“I think it adds flexibility to properties,” he said. “It’s good to keep all properties viable. And that might fill some unusual spaces, with retail in the front. When an opportunity comes along, when a business needs space, they need it quickly. So it’s good to be proactive and offer maximum flexibility.”

Pomerleau said the Marketplace is surviving the coronavirus pandemic and increase in online shopping, having lost only a few national chains. There is always turnover at malls, he said, as retail trends come and go.

He stressed the Marketplace’s first priority remains retail, which is the highest-and-best use of its properties. He said the Marketplace has no plan now for anything other than retail, but other uses could happen, especially in the backs of buildings, where space might go unused.

Indoor self-storage businesses would be conditional uses, meaning they would undergo more scrutiny than allowed uses and require review by the Planning Board, which would include an opportunity for neighbors or others to comment.

Nazar said that would give the city some control over the appearance of such businesses. It could also prevent an influx of typical self-storage businesses, which are often simple, unadorned metal buildings, from moving into retail areas, although those are allowed in some of the city’s more rural zoning districts.

Some city councilors have questioned whether it is a good idea to allow storage businesses at retail spaces. They asked if doing so could detract from the economic vitality of shopping areas because storage businesses would not generate the foot traffic on which many retailers rely.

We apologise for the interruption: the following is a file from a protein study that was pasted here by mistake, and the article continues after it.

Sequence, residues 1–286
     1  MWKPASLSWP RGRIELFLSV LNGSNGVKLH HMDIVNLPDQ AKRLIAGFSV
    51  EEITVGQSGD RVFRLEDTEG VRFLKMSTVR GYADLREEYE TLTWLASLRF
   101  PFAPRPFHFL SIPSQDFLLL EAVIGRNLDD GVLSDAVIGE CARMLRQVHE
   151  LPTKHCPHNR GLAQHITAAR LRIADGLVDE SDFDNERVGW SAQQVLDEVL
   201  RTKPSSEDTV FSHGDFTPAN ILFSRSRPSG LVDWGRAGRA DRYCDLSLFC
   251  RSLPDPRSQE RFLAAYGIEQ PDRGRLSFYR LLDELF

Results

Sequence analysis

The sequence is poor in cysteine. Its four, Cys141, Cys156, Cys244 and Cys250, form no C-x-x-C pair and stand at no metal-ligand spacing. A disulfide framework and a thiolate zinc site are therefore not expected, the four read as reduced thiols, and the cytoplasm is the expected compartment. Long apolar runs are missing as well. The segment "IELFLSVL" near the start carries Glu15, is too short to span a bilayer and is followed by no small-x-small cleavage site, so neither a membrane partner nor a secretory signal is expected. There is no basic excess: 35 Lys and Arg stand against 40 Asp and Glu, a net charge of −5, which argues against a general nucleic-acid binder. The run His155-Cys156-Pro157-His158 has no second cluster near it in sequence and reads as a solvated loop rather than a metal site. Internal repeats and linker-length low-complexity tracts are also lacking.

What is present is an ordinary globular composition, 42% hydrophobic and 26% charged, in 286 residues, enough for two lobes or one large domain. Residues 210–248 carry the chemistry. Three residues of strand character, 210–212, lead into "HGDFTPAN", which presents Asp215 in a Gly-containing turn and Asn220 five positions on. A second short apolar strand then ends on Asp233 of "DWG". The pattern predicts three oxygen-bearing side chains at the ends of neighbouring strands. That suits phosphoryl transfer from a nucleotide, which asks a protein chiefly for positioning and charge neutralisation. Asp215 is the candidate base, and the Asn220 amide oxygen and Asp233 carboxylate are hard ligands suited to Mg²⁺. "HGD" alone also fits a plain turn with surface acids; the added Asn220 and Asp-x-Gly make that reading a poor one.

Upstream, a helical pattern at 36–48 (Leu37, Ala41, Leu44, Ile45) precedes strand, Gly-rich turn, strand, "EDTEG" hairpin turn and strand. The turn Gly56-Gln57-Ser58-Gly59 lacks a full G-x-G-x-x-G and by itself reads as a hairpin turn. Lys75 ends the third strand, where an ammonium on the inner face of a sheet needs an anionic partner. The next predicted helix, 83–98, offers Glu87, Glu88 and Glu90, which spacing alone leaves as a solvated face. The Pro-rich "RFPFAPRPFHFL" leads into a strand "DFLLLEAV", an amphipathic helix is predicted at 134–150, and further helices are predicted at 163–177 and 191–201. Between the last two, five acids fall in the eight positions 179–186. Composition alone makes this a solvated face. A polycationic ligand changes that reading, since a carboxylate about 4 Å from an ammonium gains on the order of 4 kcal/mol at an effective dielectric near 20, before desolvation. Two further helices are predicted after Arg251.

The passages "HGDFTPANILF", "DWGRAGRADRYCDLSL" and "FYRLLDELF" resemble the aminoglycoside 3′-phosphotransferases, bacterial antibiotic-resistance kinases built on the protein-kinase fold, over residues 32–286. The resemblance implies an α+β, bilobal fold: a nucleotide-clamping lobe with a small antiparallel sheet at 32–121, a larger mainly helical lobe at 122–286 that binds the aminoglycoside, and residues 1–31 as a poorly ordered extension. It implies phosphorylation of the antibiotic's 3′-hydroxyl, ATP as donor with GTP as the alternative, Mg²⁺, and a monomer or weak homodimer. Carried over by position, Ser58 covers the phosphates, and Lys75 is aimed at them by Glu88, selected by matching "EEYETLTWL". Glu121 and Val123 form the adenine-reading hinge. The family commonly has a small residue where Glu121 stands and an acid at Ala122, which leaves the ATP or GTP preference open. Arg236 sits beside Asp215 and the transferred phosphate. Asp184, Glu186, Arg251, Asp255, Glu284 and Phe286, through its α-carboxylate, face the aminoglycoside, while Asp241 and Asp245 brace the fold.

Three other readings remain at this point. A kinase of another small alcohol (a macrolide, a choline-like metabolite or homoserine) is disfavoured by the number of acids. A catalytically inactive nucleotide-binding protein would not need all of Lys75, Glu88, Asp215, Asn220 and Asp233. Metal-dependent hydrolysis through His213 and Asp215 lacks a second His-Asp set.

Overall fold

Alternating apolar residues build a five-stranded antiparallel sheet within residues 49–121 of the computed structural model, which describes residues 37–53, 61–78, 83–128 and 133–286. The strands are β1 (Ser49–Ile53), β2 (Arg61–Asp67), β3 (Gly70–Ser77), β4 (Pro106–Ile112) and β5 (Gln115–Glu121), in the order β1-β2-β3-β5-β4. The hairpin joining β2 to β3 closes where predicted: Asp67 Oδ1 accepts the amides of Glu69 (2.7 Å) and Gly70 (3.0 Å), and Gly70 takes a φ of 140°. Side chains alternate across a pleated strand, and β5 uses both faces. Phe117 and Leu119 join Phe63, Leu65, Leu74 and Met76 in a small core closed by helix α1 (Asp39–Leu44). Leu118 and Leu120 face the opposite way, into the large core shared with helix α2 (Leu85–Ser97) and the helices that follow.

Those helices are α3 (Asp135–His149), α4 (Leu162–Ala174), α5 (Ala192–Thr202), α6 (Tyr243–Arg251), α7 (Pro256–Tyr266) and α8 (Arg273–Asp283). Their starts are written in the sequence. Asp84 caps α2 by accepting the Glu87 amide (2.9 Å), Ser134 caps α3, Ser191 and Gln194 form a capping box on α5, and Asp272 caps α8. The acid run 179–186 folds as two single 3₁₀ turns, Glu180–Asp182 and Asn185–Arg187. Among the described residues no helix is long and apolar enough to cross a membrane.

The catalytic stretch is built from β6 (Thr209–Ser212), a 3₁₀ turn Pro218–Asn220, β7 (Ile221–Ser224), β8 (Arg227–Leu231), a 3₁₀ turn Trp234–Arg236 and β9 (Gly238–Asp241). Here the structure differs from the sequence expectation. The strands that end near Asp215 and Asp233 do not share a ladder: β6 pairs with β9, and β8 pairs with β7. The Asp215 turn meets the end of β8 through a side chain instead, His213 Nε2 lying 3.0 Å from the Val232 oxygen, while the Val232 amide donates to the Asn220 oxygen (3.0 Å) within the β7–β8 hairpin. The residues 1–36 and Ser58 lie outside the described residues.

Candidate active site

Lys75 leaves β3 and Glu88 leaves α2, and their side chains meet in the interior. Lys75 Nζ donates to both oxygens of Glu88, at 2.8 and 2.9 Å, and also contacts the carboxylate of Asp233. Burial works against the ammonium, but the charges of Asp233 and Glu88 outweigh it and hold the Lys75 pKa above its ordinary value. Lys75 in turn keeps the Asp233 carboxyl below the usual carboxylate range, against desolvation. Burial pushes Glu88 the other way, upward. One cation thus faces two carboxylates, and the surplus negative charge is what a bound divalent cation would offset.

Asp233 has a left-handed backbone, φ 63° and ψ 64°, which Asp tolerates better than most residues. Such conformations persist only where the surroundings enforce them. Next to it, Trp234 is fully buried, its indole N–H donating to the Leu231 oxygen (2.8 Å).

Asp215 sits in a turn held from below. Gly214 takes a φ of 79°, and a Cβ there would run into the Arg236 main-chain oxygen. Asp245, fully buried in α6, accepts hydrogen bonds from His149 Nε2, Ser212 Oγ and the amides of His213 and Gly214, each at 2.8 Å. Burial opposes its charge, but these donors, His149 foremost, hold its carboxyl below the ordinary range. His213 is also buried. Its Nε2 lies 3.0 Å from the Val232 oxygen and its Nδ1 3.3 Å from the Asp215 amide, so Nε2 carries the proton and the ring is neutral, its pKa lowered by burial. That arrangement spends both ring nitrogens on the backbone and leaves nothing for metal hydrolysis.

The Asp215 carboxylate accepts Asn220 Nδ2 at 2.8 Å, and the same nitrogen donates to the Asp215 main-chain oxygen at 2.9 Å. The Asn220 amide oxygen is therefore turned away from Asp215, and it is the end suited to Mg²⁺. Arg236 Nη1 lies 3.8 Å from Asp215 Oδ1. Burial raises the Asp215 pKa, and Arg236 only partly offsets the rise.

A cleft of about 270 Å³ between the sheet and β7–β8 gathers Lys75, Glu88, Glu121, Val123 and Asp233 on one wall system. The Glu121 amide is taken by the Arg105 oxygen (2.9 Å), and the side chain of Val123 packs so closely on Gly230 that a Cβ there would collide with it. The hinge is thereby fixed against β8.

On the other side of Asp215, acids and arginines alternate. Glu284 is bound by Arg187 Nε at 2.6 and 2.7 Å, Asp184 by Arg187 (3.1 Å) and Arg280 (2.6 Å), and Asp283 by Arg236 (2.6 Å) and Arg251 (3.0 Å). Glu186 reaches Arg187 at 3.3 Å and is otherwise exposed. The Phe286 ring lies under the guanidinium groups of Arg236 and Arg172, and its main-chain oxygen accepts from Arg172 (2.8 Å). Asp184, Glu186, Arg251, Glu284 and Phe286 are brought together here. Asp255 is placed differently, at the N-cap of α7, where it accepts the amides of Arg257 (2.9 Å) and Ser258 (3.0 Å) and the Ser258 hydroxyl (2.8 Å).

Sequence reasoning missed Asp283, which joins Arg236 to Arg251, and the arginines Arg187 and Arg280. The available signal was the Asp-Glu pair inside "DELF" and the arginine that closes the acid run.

At least one councilor has suggested exploring the option of using vacant retail space to help address Augusta’s lack of available housing.

“I just think we need to be careful because we wouldn’t want, especially during the economic downturn that may well be coming, to lose a lot of buildings to this,” said At-Large Councilor Marci Alexander. “(Adding self-storage businesses) doesn’t generate any other economic development. These buildings are empty. People don’t come to them often, so they won’t go to the store next door. I feel we need to be very careful.”

At-Large Councilor Courtney Allen said she was interested in whether some of the large, vacant retail buildings, such as the former Sears location, could be converted to housing.

“We have a housing crisis, and I’m feeling protective of these large buildings as a possible opportunity for addressing the housing crisis and creating economic development in those malls,” Allen said.

Nazar said he thought leases at most shopping centers prohibit using retail space for housing.

Pomerleau said he had not heard talk of using space at the Marketplace for housing. He said the closest discussion he had heard involved a hotel, which would likely be a new building on the property.

Nazar said the proposal does not include the Kmart Plaza, which is in a different zoning district on Western Avenue than Augusta Crossing and the Turnpike Mall.

City Councilors agreed to have city employees conduct market research and an economic impact analysis of the indoor self-storage proposal and report back, likely in about a month.